As a family, we don’t go out to eat very often. One reason (and usually the main reason) is the cost. The last time we went out to eat as a family we paid $23.13 and it was not money well spent. We could have eaten the same meal at home for a fraction of the cost, our portions would have been more than enough (instead of meager) and the quality would have been superb.
So it naturally makes sense that we also don’t go out to eat often because of the food itself. Every day there seems to be a new way to improve our diets and eat healthier, and there is usually a slight cost (whether money or time) associated with each step.
Are restaurants interested in our well-being, or their pocketbooks?
Most restaurants are looking to make a profit, but there are a few restaurants out there who are swimming upstream and against the current of unhealthy standards of processed food.
Enter: The Burrito
From the start, Chipotle has put quality first and it is one of our family’s go-to restaurants.
- Family of four for under $20? Check.
- Kid-friendly (meaning high-chairs available and spilled rice on the floor is ok)? Check.
- Good food? Check.
Chipotle prides themselves in choosing food with integrity. What exactly does that mean for us?
100% of pork & beef is naturally raised
100% of chicken is from farms that don’t use antibiotics or additives in their feed
- 100% sour cream comes from pasture-raised cows
- 65% of cheese is produced using pasture-raised dairy (they’re working to increase this number)
- Do not use any dairy product from cows treated with rBGH
- 40% of beans are organically grown
- 80% of cilantro is organically grown
- 100% recycled napkins
- 93% recycled burrito bowls
- 95% recycled aluminum lids
This company is also committed to sourcing their food from local sources. The USDA defines local as within 400 miles of the point of interest, yet Chipotle takes it a step further and keep their food within 350 miles of each restaurant. In fact, more naturally raised meat and local produce is served at Chipotle than any other restaurant company in the US.
Do I sound like I’m being paid to say this?
I assure you, I’m not – we just enjoy Chipotle that much! There aren’t many restaurants that put thought behind where their food comes from and locating one is like finding a gem among a rock bed.
Many families operate on the 80/20 rule – eat real, unprocessed food 80% of the time and you can relax on the other 20%. That’s not a bad rule of thumb per se, but why stop at 80% if we can go further?
What I’m feeding my family is often on my mind. As head chef, there is thought and purpose behind my shopping and cooking. Does that same process extend to beyond my kitchen? Will the restaurants we dine at give as much thought to our health as they do their profit margins?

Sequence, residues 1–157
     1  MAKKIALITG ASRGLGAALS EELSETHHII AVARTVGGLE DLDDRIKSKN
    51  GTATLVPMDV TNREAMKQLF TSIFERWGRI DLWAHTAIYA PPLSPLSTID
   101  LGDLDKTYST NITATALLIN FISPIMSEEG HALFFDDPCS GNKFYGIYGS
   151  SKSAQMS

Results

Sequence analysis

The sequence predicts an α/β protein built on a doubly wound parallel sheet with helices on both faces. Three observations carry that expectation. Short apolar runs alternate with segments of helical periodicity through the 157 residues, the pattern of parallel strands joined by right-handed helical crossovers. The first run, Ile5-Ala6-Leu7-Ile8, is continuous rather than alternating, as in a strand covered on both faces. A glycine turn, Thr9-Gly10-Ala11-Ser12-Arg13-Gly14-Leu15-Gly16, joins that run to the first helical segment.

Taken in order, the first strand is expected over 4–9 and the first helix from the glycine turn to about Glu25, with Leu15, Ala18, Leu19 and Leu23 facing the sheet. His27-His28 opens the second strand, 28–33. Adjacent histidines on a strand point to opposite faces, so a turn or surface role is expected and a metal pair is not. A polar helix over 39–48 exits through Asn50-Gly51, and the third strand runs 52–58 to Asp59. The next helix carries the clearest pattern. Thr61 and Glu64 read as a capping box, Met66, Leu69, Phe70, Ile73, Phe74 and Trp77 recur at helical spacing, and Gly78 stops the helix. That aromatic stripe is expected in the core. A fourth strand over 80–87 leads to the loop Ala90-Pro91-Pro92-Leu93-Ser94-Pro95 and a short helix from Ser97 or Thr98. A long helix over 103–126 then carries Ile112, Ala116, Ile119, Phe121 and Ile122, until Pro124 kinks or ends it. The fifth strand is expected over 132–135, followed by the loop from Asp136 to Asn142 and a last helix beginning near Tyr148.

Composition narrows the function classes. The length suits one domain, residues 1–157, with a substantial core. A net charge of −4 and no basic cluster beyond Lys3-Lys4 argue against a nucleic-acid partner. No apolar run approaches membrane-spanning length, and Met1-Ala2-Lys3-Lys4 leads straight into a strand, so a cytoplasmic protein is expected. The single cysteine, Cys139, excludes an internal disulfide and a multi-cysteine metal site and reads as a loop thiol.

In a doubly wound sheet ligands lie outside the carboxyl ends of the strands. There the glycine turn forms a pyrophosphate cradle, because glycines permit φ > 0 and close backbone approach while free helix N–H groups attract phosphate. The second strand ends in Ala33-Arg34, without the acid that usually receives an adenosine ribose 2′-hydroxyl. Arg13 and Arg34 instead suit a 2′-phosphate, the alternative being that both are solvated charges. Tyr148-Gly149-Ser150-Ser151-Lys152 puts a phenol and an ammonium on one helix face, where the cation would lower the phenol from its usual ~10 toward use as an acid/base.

Here are a few things to consider when it comes to spending your hard-earned money on dining out.
- Research the restaurant, if you can. Many larger restaurants have websites. Look them up and see if they have any mission statements regarding the sourcing or quality of their food.
- Look at the menu. It’s easy to hide the quality of something underneath deep-fried golden batter. If the menu is more than 50% fried food, avoid it.
- Get opinions. Talk to your friends and family to see if anyone has eaten there and what they thought. Ask about the type of dishes, the vegetables served and portion sizes. “Typical” dishes are easy to prepare using canned and jarred ingredients, but restaurants serving unconventional dishes using in-season vegetables are likely buying fresh and making from scratch.
- Eat local. Most local restaurants don’t have the ability to get their food from anywhere other than local sources. Many local farms can’t afford the “certified organic” label, but practice traditional and sustainable farming methods because that’s what they believe in.
- Talk to the owner/manager. Owners who take pride in what they serve will gladly tell you. While you’re at it, talk to the employees. Do they eat there? Do their families eat there?
At the end of your meal, ask yourself if the bill was worth it. Are you happy to support this restaurant in their business endeavors? Do you believe in what they’re striving for? Would you be disappointed if this restaurant went out of business?
Or would it just be easier (and better) to replicate the dinner at home?